Noticing that the action-figure market seemed to be skewing older, a few years ago Kiwus and two partners started Modern Icons, which focused on figures like Rosie the Riveter and Betty Page instead of Spider-Man and Frodo. Whereas Kiwus's movie- and comic-book-based figures tended to be fairly faithful to their sources--he's famously adept at sculpting realistic hands and feet, and flowing hair and clothing--his Modern Icons work was slightly more cartoonish in style. It mostly featured big-breasted fantasy women in compromising pinup magazine poses.
Unfortunately, the line proved too racy for gift shops and Modern Icons folded after only a handful of figures. One protoype, however, still sits on a studio shelf: A buxom figurine based on Playboy magazine's "Little Annie Fanny."
Kiwus himself sounds almost incredulous when he tells the story of how he became an action-figure impresario. He was born on an air force base in California, although he grew up in the Twin Cities. "I was the artsy one in the family," he says. "My father is an aerospace engineer. My brother is an electrical engineer, and my other brother is an accountant. Where did I go wrong?
"Actually, I feel like I got the best of both worlds: The artsy thing, but there's an engineering head, too. That's what fits in so well with making toys. I mean, they're not just sculptures--they actually have to work. We recently did a Spider-Man that's going to crawl across the floor. Well, what I do is I have to figure out how that's going to happen."
Kiwus doesn't remember being particularly interested in comic books or in television as a child. His favorite thing, he says, was to mix up the parts of model car kits and then invent his own permutations. He thought he'd probably be an architect when he grew up.
Instead, Kiwus became a jeweler. After graduating from the University of Minnesota, he moved to New York City to attend the Parsons School of Design. In 1981, though, he came back for a summer internship at a now-defunct toy company called Lakeside Games, which produced board games like Aggravation and Barrel of Monkeys. A year later, Kiwus took a full-time job at Lakeside and designed his first toy, an accessory for the medieval-themed Crossbows & Catapults.
When Lakeside went under, Kiwus took a series of jobs at big East Coast toy companies. Commuting between New York and Minneapolis took its toll, though, and his first marriage, from which he has one daughter, eventually broke up. In 1986, tired of the corporate drudgery, Kiwus decided to set out on his own as a freelance sculptor. "When I started out, I was just faking it, making it up as I went along," he says.
It wasn't easy for a neophyte artist to break into the sometimes cutthroat toy business: When Kiwus was starting out, other artists wouldn't even share their secret recipes for sculpting wax. "Nobody would tell me what the formula was," he explains.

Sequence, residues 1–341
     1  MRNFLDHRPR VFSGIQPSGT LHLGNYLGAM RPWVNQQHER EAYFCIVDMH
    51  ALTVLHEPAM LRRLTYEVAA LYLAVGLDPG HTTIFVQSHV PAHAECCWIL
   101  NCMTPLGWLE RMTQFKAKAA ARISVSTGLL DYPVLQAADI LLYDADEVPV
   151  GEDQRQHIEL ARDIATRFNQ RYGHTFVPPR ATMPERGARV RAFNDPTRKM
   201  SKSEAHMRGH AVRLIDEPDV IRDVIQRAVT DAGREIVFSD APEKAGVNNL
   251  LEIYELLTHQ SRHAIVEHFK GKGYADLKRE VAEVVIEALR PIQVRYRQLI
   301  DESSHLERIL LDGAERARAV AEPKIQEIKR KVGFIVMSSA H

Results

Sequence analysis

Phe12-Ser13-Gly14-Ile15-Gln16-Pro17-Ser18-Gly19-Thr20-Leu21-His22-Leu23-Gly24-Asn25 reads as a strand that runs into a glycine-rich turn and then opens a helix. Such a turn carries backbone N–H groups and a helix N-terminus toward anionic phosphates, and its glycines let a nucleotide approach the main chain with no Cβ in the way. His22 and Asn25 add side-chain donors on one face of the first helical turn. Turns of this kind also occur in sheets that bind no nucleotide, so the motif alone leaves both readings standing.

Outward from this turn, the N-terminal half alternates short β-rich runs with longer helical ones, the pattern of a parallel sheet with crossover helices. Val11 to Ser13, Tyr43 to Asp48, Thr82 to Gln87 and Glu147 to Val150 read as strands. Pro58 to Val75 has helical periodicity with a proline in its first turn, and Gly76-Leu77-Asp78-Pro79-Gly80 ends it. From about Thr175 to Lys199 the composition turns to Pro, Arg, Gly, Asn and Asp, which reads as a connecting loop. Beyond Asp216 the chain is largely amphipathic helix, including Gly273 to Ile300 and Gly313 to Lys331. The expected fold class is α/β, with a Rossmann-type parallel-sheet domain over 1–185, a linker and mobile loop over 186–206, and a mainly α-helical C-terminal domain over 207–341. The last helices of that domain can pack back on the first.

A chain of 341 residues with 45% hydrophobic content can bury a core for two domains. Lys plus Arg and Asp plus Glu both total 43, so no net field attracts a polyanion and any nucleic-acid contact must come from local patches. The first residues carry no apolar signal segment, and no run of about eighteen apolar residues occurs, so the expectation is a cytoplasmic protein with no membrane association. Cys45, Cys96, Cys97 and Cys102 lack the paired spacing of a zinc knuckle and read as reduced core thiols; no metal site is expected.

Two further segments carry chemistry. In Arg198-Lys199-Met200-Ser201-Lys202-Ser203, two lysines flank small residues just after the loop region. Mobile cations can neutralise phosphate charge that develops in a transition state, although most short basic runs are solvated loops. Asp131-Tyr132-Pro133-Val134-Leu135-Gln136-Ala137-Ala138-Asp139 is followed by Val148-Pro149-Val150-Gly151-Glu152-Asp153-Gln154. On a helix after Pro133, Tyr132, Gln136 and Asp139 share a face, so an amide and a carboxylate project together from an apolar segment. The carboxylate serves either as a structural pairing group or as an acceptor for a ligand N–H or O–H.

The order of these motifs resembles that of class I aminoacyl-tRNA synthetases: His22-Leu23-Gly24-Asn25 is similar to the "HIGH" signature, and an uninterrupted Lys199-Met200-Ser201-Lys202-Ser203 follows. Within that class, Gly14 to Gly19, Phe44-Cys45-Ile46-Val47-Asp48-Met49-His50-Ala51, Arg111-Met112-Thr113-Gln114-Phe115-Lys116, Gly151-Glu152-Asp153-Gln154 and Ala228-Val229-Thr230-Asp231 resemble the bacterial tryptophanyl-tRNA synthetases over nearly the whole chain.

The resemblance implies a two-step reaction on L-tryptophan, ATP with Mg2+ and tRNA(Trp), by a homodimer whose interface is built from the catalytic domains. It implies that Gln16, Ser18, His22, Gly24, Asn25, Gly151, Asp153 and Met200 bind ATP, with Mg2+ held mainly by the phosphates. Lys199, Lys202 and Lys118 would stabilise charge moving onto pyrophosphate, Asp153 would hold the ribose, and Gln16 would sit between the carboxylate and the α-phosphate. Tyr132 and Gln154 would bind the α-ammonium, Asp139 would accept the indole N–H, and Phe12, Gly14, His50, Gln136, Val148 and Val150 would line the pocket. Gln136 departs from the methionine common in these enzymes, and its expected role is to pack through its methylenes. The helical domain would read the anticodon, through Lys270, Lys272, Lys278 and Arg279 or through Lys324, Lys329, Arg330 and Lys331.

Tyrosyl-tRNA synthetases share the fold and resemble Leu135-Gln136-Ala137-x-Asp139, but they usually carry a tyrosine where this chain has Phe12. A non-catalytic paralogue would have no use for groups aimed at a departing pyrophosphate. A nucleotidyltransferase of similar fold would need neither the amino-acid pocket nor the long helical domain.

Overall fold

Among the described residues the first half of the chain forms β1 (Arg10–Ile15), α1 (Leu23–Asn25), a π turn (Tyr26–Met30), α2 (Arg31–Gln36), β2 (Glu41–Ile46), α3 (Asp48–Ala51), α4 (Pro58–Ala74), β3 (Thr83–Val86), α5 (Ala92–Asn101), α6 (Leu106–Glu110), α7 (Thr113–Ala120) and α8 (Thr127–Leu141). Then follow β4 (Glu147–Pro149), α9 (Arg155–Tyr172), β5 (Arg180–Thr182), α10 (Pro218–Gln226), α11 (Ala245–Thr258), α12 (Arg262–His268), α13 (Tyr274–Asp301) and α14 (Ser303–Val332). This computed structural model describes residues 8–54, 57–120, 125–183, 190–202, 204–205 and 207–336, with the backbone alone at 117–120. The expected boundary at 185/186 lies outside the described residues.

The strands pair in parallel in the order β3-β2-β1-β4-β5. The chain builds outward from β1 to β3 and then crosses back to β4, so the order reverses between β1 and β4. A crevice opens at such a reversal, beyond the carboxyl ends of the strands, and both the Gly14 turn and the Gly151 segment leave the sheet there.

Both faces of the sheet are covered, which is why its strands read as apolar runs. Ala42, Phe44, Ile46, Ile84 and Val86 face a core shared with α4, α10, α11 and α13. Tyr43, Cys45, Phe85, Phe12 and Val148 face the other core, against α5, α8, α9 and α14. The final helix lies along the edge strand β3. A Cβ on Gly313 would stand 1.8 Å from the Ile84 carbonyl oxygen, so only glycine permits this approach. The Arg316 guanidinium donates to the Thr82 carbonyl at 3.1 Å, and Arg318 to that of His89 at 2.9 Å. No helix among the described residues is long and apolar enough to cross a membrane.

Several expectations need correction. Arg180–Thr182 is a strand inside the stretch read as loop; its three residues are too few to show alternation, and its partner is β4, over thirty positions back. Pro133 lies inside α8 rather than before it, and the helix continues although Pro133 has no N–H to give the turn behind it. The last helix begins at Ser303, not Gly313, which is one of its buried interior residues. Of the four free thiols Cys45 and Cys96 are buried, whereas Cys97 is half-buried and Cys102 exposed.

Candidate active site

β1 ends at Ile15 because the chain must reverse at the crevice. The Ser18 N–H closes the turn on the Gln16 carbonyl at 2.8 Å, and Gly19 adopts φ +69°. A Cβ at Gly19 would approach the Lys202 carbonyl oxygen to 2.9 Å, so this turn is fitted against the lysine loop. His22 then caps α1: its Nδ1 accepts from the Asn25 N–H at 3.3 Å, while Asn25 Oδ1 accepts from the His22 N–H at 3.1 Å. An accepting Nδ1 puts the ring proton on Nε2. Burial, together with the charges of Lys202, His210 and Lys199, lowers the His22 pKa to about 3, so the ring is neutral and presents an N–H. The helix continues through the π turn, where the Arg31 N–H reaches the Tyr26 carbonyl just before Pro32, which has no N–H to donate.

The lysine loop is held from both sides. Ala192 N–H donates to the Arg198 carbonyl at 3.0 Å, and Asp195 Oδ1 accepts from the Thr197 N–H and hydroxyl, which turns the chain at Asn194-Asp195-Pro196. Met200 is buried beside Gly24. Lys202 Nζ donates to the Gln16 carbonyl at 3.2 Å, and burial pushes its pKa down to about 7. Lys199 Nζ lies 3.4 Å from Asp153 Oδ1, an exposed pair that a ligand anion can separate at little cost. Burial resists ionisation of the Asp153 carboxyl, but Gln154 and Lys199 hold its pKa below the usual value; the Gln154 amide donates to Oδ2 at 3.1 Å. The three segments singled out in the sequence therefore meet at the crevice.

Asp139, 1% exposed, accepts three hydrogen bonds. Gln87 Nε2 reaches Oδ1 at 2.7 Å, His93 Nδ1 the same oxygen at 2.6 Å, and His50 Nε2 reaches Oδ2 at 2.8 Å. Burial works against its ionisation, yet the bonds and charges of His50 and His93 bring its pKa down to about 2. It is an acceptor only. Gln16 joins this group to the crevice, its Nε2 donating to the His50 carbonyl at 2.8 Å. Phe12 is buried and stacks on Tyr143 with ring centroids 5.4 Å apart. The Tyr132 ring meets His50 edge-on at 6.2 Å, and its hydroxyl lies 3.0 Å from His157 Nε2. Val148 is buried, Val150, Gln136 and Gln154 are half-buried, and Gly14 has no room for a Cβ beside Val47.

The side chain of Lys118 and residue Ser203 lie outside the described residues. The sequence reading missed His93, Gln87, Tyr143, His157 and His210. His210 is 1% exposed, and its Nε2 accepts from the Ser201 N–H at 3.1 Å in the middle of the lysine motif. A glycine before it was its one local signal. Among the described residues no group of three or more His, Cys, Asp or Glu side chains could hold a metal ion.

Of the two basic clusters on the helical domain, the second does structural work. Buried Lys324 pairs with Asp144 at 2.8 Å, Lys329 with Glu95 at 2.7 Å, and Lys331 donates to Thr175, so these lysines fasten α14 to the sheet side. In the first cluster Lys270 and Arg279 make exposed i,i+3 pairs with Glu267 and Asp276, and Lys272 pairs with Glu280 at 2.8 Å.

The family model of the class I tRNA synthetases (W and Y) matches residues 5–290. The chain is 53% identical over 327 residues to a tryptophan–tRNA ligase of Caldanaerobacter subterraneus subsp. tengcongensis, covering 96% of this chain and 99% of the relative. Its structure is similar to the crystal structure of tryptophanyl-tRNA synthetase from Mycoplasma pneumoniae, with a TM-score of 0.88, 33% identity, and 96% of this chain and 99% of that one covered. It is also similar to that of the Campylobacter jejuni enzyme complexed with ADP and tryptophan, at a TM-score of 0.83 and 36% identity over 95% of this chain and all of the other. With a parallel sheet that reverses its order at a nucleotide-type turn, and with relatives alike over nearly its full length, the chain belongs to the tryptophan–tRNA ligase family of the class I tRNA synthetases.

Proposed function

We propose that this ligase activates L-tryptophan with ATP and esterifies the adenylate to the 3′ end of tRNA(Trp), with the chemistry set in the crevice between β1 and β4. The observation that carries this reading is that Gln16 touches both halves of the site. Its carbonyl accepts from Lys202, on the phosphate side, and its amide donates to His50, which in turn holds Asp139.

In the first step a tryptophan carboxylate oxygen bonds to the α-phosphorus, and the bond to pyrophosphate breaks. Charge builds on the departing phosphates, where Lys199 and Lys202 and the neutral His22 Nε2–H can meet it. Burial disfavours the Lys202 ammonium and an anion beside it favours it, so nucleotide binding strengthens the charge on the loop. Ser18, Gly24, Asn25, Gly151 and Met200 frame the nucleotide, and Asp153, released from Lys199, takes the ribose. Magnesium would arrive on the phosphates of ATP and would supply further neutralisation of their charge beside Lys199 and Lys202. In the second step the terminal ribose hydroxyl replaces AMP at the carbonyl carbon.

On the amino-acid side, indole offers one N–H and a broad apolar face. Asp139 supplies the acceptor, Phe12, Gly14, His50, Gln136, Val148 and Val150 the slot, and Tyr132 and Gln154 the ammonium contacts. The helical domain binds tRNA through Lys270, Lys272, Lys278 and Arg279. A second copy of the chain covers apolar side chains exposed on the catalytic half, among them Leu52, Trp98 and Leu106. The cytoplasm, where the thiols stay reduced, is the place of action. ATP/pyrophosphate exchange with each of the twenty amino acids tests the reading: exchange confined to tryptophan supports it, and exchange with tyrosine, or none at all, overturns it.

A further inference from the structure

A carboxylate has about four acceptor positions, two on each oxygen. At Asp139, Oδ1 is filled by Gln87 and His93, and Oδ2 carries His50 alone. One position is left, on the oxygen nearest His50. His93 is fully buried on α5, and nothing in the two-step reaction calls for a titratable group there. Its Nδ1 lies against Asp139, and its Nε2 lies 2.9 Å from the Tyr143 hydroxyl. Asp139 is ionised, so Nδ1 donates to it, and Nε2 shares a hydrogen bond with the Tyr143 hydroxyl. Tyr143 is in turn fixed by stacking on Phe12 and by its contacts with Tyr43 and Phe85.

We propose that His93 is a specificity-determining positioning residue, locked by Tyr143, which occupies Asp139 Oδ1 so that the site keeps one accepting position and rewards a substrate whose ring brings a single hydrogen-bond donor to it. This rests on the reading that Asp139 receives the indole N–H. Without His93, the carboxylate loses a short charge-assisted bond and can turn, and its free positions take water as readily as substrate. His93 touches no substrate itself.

Kiwus goes to a toy chest to retrieve one of his first commissions: a three-inch-long plastic ice-cream cone. "I was doing a lot of stuff like this the first two years: accessories for dolls, just anything to pay the rent. Honestly, I don't know how I made it."
A couple of years ago, the buzz in the toy industry was that technology would soon put Kiwus, and all his fellow action-figure sculptors, out of business. Using a relatively new gizmo called a rapid prototype machine, toy companies could simply scan movie actors in costume and then pump out a 3-D image of them. Unlike Kiwus's sculptures, which often take two weeks to develop, these action figures could be produced instantly and would be flawless simulacra of the original.
Toy companies sometimes still use scanning to capture an actor's facial features. But executives quickly realized that Kiwus does more than churn out copies of Hollywood imagery. "I don't do reality," he explains. "I don't think I've ever done an accurate human sculpture. The trick to what I do is exaggerating things in the right way.
"It seems so obvious, but when I started doing this stuff, my big idea was, 'Hey, let's make the action figures look like the comic books.' Guys had always been posed generically, with their arms at their sides. And the company wanted to stay sort of neutral to get the articulation and the play-value. But if you arch the back a little, that gives it tension. If you pull some of the tendons in the hand, pull the fingers back a little, they look more tense. If you take a forearm or a thigh and give it a slight bend, that gives it tension."
As a demonstration, Kiwus pulls out a sample of his latest line, a series of figures from The Lord of the Rings trilogy. Maybe anything as meticulously crafted as these are becomes art by default--whether they're destined to end up in a museum or in a Happy Meal. Kiwus allows himself just a flash of vanity: "I don't have any illusions that these things are great art," he says. "Most of them will just end up as landfill. But some of them will be around forever."